Objectives: To perform a descriptive epidemiological study of headache in medical students at Sultan Qaboos University, analyzing prevalence, symptom profile, and pattern of health care utilization.
Background: Headache is one of the most common complaints in medical practice. To our knowledge, headache has not been the subject of investigation in medical students in the Arabian Gulf.
Methods: Lifetime and last-year prevalence of headache was based on a detailed structured headache assessment questionnaire. Besides demographic data, headache characteristics and pattern of health care utilization were evaluated. In addition, questions were included referring to the use of traditional remedies. Interviewers included three previously trained final-year medical students. The evaluation was done per cohort, and the students were guided through the assessment questionnaire by the interviewers. Migraine and tension-type headache were diagnosed according to the criteria of the International Headache Society.
Results: Four hundred three students (95.3%) completed the questionnaire: 151 men (37.5%) and 252 women (62.5%). The lifetime and last-year prevalence of headache was 98.3% and 96.8%, respectively. A positive family history of headache was found in 57.6% of students. The prevalence rate of migraine and tension-type headache was found to be the same (12.2%), with a difference in distribution across sexes: 6.6% of the men and 15.5% of the women had migraine, while 13.9% of the men and 11.1% of the women suffered from tension-type headache. Only 23.3% of students sought medical assistance during headache episodes, and 80.3% took medication: 24.6% took prescribed medication, 72.9% took nonprescription medication, and only 2.5% took traditional remedies. Acetaminophen (83.1%) followed by mefenamic acid (24.6%) were the most commonly used drugs.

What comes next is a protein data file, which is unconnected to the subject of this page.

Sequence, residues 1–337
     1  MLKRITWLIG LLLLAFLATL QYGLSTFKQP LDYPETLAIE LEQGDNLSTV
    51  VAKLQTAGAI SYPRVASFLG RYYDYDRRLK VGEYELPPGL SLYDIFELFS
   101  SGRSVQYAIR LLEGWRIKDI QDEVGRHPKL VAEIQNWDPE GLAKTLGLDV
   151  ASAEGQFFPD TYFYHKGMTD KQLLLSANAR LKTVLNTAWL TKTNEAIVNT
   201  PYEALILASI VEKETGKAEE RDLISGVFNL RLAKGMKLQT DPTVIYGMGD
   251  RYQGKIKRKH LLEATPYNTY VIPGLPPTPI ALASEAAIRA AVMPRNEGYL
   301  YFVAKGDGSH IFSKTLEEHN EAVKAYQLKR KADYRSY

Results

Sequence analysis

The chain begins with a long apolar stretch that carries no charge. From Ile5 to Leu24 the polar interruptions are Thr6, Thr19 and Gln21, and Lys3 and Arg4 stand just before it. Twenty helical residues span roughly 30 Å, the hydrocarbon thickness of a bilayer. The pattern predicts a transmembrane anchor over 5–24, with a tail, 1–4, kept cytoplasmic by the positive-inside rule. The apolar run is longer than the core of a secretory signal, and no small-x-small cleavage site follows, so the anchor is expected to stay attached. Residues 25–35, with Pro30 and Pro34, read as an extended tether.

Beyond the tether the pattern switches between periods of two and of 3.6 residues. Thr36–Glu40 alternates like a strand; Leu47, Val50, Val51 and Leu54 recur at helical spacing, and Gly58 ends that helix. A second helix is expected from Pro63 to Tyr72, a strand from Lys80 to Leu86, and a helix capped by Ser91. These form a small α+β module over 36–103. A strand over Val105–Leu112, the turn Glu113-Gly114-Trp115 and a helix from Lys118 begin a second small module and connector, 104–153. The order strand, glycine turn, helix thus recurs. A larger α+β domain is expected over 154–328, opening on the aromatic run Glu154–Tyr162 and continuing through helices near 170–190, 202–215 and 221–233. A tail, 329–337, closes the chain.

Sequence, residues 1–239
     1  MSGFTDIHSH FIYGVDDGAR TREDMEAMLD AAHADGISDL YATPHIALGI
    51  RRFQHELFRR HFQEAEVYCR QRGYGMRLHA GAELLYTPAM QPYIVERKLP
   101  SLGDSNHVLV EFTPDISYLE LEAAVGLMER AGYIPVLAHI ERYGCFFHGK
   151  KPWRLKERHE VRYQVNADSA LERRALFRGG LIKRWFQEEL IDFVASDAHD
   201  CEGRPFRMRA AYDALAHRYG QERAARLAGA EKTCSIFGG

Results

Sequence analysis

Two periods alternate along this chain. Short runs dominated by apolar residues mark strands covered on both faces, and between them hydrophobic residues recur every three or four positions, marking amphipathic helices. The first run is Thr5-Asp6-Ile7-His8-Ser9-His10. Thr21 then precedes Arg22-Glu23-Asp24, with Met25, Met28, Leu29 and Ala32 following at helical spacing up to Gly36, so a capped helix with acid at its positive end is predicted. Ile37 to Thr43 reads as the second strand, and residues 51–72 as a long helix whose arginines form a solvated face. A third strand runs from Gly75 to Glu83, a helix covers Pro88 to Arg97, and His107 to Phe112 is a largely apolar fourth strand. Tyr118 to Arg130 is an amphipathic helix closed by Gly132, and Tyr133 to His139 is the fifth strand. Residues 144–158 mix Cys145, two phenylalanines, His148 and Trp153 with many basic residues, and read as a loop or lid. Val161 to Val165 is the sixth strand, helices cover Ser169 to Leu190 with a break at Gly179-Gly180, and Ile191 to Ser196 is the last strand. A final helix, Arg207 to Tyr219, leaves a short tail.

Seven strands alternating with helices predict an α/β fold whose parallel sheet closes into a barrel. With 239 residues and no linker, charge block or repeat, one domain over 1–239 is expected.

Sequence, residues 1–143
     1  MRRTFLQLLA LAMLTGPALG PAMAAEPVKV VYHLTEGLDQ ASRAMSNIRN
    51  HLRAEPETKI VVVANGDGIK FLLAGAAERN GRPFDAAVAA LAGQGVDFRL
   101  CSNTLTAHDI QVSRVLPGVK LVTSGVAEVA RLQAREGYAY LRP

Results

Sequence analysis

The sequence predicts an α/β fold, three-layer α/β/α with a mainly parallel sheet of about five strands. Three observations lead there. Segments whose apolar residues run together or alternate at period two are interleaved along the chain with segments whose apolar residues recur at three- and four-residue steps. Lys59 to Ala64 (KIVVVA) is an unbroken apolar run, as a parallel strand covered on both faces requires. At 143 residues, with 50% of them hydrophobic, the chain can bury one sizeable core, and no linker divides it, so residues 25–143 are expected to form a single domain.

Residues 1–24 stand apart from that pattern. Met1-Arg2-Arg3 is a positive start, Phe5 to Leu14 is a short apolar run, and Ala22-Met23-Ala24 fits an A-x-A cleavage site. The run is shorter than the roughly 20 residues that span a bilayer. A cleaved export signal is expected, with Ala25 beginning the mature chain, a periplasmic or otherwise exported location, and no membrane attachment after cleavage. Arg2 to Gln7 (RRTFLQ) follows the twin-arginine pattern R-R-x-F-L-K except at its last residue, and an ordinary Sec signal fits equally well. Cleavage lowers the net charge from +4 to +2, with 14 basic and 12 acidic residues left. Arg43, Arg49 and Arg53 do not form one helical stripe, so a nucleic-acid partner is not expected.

Conclusions: The results of this prospective epidemiological study show that headache is highly prevalent among medical students at this university. The high prevalence rate of migraine sufferers in this student population might be due to the high female-to-male ratio (1.7:1). It is likely that analgesic use/overuse also coexists with headache in medical students at Sultan Qaboos University, since a large majority of them rely on nonprescription medications.